Oklahoma’s softball team is a walking mismatch, the greatest show on turf (or grass), a collection of mashers rarely, if ever, seen in college annals.

The Huskies walked into its stadium Friday, jammed to the rafters with Sooner fans eager to witness the latest in a long line of routs. Some no doubt wondered if UW would be the latest mercy-rule victim of softball’s most feared and most successful team. That wasn’t an indictment of the Huskies but rather a testament to a Sooners team that hasn’t merely been beating opponents, but crushing them.

Well, guess what? The Huskies showed Friday that not only could they hang with No. 1 Oklahoma, but in the first game of the best-of-three super regional in Norman, Oklahoma, had a golden opportunity to defeat them.

As Husky coach Heather Tarr said more than once in her postgame Zoom, “We had every chance to win that game.”

The fact that the Huskies didn’t, losing 4-2, is a complex story with numerous twists and turns, some self-inflicted pain, some coaching regrets and a centerpiece of controversy.

The take-away is twofold for the Huskies — the knowledge that they are fully capable of beating the now Sooners (49-2), and the urgency of also knowing they have to. Twice in a row. At least, if they don’t want their season to end short of the Women’s College World Series, their season-long goal. Technically, it’s their two-season-long goal, since the 2020 campaign ended prematurely because of COVID-19.


By all rights, in fact, this matchup belonged in the WCWS. It had that kind of tension, that kind of gravitas. It matched two talent-laden teams with a rich history of success on the grandest stage. Blame those in charge of seeding one final time for the fact that Washington, the fifth-ranked team in the country, had to go on the road for a matchup that would have been more appropriate in the title series.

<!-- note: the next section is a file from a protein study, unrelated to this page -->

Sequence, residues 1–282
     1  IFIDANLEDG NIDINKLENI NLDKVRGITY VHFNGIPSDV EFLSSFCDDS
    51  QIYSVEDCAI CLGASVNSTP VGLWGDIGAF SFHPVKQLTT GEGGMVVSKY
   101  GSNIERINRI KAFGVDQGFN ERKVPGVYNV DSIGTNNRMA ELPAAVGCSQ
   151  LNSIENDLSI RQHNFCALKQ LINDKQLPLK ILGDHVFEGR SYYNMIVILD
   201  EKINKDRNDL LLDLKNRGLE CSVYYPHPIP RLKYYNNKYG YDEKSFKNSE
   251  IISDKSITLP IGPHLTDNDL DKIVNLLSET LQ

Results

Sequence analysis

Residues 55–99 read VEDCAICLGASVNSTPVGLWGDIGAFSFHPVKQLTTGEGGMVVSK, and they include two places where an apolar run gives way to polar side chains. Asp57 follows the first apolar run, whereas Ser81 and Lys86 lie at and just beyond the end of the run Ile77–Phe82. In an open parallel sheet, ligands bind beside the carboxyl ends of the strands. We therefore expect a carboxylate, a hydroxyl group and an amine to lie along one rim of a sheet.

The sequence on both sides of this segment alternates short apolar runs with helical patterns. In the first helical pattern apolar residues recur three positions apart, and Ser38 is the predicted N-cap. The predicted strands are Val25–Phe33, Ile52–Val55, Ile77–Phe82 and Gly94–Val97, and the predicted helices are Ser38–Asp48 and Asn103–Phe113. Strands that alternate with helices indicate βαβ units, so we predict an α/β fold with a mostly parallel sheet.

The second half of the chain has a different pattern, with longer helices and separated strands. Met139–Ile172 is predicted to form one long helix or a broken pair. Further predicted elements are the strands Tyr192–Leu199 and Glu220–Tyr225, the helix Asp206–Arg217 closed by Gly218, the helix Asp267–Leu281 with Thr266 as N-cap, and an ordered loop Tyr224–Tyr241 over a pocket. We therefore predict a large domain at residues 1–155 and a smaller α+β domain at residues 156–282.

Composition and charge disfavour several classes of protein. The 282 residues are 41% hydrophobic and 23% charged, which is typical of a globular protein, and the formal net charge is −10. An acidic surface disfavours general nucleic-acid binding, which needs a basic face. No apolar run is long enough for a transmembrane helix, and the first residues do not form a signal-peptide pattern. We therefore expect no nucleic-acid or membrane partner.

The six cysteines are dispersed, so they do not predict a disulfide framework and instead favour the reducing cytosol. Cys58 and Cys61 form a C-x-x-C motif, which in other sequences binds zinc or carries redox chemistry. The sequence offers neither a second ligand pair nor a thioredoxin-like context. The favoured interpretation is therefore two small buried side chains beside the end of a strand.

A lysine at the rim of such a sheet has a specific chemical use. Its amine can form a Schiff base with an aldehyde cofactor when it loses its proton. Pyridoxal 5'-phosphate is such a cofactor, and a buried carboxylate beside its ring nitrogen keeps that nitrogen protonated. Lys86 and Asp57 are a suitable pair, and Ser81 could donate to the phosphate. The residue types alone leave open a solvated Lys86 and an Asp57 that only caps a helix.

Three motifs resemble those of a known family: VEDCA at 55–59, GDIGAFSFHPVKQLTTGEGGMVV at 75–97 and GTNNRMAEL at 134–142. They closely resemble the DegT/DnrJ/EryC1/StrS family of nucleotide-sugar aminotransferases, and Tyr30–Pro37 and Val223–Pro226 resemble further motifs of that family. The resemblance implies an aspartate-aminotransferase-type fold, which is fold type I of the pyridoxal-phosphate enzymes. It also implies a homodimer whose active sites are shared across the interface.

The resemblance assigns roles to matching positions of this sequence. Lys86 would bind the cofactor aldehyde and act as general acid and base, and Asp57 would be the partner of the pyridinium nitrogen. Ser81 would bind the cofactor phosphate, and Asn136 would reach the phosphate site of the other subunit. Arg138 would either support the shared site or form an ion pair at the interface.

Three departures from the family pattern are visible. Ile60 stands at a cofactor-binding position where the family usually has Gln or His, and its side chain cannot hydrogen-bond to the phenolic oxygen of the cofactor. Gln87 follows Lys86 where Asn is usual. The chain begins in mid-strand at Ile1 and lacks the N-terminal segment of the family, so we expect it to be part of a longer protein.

Right from the start, this game had tension and controversy. The Huskies felt the batter’s box was too close to home plate, an assertion that was evident to anyone watching on television. But when Tarr brought that up to the home-plate umpire in their pregame meeting, he dismissed her complaint.

“I should have, in hindsight, just said, ‘Can you please redraw the lines?’ But I did question how close it was,” Tarr said. “I didn’t get the answer that, ‘Yes, we’ll redraw it for you since you do think it’s too close.’ It was kind of like, ‘Move it along.’ “

The tighter-than-normal box became a factor when Husky pitcher Gabbie Plain, who normally has exquisite command, hit three batters in the first inning, leading to an Oklahoma run. After the final one, an irate Tarr came out and got in the ump’s face.

“I don’t usually cause a stink about those things, but when I knew it was probably resulting in Gabbie’s reference points possible being a little bit skewed, which is what I believe. … We know her enough to know she doesn’t hit batters a lot.”

Plain eventually adjusted, and Tarr said that Batter’s Box Gate wasn’t the reason Washington lost. But during a game in which every run proved vital, it forced the Huskies to play catch-up from the start.


Which they did, immediately, on Sami Reynolds’ homer to start the second. But the Huskies missed a chance for much more in the third when Morganne Flores’ bid for a three-run homer was hauled in against the wall in center for the final out of the inning.

“There’s just a bunch of things that could have gone our way,” Tarr said. “We don’t necessarily think anything is out of reach at this point.”

A three-base error in center field was a huge blow to the Huskies, giving Oklahoma a gift run in the fifth. But the play that had Tarr kicking herself after the game was one that ended it: A double play that resulted in Taryn Atlee being thrown out at the plate as the Huskies were rallying from a three-run deficit in the seventh.

With one out, one run already in, runners on first and second, and the Husky dugout crackling with energy, Jadelyn Allchin hit a hard grounder to second. The force was made at second, but Allchin beat the return throw to first. Atlee, however, tried to score and was thrown out to end the game. What really hurt is that All-American Sis Bates, with two singles in the game to make her Washington’s all-time hits leader, was due up.

“I wish I could take that back,” Tarr admitted. “I wasn’t sending her. I just didn’t stop her, if that makes sense. It’s kind of one of those weird plays. If we could just say, ‘Whoops, reverse,’ like a video game, we would have done it.”

There was a lot the Huskies would have done differently Friday if they could, and that they wish they had done just a little better. But as the Huskies face an elimination game Saturday and what they hope is another Sunday, they know one thing: This is no mismatch.